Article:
The other morning, Gabe entertained me by having me guess the average high and low temps in Boston each month of the year. Did you know that the average high in December is 42 degrees Fahrenheit? I’m laughing at all you Minnesotans who still have to plan for Halloween costumes that fit over your snowsuits. Mwah ha ha ha.
What I’m trying to say is that while I’m currently enjoying temperatures in the upper 60s, the weather has left me a bit confused. To remind myself that it’s fall, I’ve been using pumpkin in everything, at the risk of driving Gabe crazy. Here’s what I’ve made this week alone.
First, chocolate chip pumpkin bread.
Next, since I’m a New Englander now, pumpkin whoopie pies. (Due to the ingredients I had in the fridge, these ended up with a delicious mascarpone frosting in the middle.)
And finally, pumpkin ice cream.
I should probably stop this craze in case I get sick of pumpkin even before it’s time to bake a Thanksgiving pie…
Pumpkin Ice Cream
- 2 1/2 cups whole milk or half ‘n’ half
- 1/3 cup plus 2 Tbs. sugar
- 1 tsp. ground ginger
- 1/2 tsp. ground cinnamon
- 1 cinnamon stick
- 1/2 tsp. ground nutmeg
- 1/4 tsp. kosher salt
- 5 large egg yolks
- 1/4 cup packed light brown sugar
- 1/2 tsp. vanilla extract
- 3/4 cup pumpkin puree
- optional: 2 tsp. spiced rum
Set a mesh strainer over the top of a large bowl and set aside.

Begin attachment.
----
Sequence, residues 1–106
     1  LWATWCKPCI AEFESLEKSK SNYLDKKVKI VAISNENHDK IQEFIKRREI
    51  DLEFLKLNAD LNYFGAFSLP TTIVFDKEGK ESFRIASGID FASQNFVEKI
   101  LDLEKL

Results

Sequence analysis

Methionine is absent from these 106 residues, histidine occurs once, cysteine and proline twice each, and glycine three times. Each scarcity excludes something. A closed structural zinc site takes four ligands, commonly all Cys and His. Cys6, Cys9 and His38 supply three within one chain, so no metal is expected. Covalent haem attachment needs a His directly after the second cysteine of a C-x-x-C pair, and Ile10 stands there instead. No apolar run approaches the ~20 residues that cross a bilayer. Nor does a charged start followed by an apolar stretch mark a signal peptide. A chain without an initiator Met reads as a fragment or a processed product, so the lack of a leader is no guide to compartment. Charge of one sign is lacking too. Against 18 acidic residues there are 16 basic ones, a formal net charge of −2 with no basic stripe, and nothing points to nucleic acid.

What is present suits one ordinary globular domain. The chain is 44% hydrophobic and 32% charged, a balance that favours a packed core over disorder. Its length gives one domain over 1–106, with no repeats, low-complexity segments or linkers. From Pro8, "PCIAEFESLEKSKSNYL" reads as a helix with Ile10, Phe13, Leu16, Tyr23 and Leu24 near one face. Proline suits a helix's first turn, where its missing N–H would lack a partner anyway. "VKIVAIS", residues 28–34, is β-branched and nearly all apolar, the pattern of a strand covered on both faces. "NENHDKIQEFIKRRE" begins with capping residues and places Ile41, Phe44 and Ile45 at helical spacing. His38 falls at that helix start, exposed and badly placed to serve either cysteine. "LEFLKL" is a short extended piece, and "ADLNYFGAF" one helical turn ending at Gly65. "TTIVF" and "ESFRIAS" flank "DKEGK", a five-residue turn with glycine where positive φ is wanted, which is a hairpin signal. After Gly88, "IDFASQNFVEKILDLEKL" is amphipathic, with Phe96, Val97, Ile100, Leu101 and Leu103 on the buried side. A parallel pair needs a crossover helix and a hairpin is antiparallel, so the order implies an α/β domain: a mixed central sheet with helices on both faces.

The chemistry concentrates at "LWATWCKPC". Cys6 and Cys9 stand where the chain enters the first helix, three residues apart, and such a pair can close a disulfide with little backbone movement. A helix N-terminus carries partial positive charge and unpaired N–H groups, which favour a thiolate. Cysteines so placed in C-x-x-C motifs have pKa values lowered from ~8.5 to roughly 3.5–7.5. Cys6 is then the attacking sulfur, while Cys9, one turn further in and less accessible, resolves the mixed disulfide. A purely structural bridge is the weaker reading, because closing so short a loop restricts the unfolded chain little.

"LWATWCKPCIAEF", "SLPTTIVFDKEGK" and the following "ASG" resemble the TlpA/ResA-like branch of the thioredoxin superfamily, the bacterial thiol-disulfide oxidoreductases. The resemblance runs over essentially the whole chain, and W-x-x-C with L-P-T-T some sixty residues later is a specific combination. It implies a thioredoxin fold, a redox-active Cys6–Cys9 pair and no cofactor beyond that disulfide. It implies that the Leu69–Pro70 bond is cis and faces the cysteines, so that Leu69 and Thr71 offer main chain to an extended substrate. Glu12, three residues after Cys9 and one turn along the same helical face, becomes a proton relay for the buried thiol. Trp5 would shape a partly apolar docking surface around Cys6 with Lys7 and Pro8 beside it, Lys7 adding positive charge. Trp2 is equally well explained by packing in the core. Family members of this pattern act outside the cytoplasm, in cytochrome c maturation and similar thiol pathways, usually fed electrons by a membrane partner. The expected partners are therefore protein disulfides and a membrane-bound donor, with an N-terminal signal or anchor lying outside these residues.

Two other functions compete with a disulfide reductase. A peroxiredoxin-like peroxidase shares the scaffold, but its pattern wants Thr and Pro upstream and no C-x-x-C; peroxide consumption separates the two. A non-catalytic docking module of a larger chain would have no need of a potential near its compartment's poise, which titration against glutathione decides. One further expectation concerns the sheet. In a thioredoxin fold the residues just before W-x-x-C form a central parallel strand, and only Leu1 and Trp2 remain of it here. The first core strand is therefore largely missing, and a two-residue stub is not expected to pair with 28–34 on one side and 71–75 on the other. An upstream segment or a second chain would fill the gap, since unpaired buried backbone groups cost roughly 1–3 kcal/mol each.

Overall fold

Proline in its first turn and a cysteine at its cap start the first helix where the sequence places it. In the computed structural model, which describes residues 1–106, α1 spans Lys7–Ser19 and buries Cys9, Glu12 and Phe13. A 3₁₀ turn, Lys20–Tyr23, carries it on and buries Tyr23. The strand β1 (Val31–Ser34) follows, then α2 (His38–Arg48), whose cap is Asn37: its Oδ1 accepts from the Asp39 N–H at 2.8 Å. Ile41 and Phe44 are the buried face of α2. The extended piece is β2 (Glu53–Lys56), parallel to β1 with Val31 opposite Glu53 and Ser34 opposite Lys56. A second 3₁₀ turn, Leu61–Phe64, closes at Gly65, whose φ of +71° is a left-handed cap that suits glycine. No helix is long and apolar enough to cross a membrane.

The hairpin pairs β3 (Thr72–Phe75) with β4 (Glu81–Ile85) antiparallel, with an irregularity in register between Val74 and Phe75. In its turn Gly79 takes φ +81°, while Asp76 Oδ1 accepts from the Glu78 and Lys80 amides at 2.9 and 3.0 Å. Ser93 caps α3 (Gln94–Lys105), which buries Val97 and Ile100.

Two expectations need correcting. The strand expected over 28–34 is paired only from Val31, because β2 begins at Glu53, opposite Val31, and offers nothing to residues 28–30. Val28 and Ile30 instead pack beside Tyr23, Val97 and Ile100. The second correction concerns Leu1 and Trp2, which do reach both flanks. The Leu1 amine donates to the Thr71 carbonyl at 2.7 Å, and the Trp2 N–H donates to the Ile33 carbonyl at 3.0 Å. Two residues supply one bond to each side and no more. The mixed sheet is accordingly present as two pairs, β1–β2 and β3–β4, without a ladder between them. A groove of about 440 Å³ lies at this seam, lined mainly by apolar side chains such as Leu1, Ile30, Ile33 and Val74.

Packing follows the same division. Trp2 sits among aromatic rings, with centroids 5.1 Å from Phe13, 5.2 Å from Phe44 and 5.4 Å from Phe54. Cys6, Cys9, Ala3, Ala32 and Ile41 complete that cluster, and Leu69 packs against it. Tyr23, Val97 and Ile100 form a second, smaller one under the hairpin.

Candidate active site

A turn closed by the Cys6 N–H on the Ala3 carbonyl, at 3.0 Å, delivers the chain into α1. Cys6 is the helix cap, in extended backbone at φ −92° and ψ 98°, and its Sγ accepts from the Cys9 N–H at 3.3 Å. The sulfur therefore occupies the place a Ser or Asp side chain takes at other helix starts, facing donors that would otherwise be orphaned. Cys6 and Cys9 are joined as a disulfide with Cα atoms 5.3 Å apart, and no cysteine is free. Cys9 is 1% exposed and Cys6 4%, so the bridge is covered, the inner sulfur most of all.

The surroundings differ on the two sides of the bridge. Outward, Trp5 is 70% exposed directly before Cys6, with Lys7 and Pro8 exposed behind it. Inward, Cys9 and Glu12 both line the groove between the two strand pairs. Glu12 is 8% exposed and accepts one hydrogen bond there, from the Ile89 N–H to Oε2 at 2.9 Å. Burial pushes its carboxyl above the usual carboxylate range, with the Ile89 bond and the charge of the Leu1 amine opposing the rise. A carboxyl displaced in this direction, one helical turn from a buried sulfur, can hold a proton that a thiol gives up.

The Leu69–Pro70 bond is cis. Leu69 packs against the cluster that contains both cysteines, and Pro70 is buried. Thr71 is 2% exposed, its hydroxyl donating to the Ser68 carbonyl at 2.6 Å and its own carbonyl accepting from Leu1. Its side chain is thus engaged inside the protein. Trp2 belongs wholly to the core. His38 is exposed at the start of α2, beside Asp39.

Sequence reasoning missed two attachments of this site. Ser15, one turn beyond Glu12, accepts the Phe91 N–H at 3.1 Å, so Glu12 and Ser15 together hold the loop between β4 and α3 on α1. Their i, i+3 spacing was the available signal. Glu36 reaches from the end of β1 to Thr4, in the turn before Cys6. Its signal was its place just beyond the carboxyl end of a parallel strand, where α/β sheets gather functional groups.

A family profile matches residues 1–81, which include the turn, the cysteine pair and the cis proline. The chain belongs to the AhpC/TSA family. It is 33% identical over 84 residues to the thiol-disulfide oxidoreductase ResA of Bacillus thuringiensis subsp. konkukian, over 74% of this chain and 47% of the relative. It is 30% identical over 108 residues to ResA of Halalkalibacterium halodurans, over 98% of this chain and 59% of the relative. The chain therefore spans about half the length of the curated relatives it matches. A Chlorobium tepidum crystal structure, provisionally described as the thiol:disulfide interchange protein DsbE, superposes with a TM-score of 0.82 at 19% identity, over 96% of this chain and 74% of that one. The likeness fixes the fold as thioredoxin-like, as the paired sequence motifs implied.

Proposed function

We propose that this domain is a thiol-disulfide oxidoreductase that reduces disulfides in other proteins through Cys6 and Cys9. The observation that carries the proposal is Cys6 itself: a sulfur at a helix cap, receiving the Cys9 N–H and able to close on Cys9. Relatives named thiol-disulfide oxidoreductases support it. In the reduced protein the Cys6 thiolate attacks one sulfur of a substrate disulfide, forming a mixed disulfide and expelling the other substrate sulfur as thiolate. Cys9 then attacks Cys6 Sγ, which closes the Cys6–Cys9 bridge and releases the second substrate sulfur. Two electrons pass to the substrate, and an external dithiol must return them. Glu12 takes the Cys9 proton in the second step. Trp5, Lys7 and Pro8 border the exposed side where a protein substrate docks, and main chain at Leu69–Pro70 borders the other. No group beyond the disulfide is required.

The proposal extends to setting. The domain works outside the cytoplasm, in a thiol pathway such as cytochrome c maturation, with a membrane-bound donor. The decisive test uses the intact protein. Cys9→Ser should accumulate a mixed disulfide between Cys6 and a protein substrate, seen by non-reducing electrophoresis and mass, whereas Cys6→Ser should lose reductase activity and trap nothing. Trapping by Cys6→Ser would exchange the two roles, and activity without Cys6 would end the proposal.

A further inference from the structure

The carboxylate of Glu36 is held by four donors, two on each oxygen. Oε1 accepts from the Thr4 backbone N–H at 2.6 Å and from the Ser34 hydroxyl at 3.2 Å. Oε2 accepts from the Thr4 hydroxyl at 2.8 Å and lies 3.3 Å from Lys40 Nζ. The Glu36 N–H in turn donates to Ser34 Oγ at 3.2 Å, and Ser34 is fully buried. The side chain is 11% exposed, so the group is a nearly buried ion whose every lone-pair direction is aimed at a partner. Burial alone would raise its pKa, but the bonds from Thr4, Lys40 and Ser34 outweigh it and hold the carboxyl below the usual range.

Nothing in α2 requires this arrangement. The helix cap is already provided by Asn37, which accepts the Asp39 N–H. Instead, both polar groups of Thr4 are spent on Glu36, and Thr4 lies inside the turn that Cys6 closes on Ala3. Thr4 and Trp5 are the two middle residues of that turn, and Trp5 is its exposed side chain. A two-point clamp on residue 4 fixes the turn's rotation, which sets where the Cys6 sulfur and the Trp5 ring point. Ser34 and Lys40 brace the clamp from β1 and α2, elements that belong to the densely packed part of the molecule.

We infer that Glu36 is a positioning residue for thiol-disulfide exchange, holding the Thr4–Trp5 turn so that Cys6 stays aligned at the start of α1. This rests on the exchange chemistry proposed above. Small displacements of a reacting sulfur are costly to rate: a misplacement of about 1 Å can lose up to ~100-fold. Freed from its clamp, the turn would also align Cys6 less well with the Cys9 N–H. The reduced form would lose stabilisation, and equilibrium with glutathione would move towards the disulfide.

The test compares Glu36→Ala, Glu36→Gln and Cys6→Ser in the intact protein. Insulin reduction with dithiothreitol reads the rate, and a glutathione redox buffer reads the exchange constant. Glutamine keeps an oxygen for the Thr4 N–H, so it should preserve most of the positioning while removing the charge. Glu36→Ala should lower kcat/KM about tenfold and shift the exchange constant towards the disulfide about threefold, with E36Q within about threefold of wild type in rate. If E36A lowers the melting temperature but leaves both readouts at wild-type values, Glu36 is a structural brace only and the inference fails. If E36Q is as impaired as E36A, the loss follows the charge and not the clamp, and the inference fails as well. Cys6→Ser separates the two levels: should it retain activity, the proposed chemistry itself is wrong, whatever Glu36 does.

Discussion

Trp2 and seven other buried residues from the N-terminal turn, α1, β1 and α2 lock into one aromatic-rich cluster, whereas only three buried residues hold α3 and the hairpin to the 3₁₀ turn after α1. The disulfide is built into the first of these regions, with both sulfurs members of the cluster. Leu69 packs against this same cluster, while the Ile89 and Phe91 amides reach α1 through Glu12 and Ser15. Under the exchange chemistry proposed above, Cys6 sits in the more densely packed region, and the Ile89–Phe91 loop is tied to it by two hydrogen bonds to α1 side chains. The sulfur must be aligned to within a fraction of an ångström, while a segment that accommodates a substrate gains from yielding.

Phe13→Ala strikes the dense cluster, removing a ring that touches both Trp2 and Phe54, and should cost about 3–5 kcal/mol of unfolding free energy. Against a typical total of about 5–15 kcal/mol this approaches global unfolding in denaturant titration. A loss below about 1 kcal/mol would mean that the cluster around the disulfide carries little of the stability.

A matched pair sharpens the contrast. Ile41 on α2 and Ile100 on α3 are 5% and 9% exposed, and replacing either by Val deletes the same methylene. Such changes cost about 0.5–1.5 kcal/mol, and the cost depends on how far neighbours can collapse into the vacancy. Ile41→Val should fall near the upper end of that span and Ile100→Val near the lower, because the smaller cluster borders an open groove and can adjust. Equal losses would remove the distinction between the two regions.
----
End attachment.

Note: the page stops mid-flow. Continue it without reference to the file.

In a medium saucepan, mix the milk, sugar, ginger, ground cinnamon, cinnamon stick, nutmeg, and salt. Warm the mixture until hot and the edges begin to bubble and foam.
Whisk the egg yolks in a separate bowl and gradually whisk in about half of the warm spiced milk mixture, stirring constantly to temper the eggs.
Scrape the warmed yolks back into the saucepan and cook over low heat, stirring constantly and scraping the bottom with a heatproof spatula, until the mixture thickens and coats the spatula. If using an instant-read thermometer, it should read between 160º-170º F.
Immediately pour the mixture through the strainer into the large bowl. Mix in the brown sugar, then place the bowl over an ice bath and stir until cool. Chill at least 8 hours.
Whisk in the vanilla, rum (if using), and pumpkin puree. Press the mixture through a fine-mesh strainer, then freeze in your ice cream maker according to the manufacturer’s instructions.
Source: Slightly adapted from David Lebovitz